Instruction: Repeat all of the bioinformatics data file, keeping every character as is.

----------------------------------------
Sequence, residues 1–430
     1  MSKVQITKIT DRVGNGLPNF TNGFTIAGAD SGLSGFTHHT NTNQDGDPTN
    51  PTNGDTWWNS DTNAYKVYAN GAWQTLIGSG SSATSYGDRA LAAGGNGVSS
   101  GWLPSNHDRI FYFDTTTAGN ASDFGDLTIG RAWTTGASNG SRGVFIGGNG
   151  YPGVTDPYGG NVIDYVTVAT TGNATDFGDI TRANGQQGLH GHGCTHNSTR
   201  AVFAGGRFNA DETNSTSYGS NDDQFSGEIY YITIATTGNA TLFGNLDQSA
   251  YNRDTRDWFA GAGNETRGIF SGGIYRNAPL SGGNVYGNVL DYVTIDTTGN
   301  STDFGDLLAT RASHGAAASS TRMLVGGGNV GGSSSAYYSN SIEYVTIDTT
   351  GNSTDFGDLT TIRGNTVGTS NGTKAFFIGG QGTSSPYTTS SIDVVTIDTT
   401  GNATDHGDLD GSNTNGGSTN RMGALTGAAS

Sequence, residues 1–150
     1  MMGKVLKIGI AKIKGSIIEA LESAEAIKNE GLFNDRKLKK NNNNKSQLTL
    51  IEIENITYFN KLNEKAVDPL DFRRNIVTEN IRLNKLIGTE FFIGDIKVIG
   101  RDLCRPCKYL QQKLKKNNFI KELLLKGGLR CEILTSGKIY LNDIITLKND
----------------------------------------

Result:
Sequence, residues 1–430
     1  MSKVQITKIT DRVGNGLPNF TNGFTIAGAD SGLSGFTHHT NTNQDGDPTN
    51  PTNGDTWWNS DTNAYKVYAN GAWQTLIGSG SSATSYGDRA LAAGGNGVSS
   101  GWLPSNHDRI FYFDTTTAGN ASDFGDLTIG RAWTTGASNG SRGVFIGGNG
   151  YPGVTDPYGG NVIDYVTVAT TGNATDFGDI TRANGQQGLH GHGCTHNSTR
   201  AVFAGGRFNA DETNSTSYGS NDDQFSGEIY YITIATTGNA TLFGNLDQSA
   251  YNRDTRDWFA GAGNETRGIF SGGIYRNAPL SGGNVYGNVL DYVTIDTTGN
   301  STDFGDLLAT RASHGAAASS TRMLVGGGNV GGSSSAYYSN SIEYVTIDTT
   351  GNSTDFGDLT TIRGNTVGTS NGTKAFFIGG QGTSSPYTTS SIDVVTIDTT
   401  GNATDHGDLD GSNTNGGSTN RMGALTGAAS

Sequence, residues 1–150
     1  MMGKVLKIGI AKIKGSIIEA LESAEAIKNE GLFNDRKLKK NNNNKSQLTL
    51  IEIENITYFN KLNEKAVDPL DFRRNIVTEN IRLNKLIGTE FFIGDIKVIG
   101  RDLCRPCKYL QQKLKKNNFI KELLLKGGLR CEILTSGKIY LNDIITLKND